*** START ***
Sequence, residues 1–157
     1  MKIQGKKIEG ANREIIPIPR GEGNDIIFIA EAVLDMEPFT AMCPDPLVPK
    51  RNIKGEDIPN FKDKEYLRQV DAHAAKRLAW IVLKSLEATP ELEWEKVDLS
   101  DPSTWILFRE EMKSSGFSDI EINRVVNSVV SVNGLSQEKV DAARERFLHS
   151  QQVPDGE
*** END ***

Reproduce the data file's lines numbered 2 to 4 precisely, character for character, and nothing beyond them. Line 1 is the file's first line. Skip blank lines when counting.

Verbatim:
     1  MKIQGKKIEG ANREIIPIPR GEGNDIIFIA EAVLDMEPFT AMCPDPLVPK
    51  RNIKGEDIPN FKDKEYLRQV DAHAAKRLAW IVLKSLEATP ELEWEKVDLS
   101  DPSTWILFRE EMKSSGFSDI EINRVVNSVV SVNGLSQEKV DAARERFLHS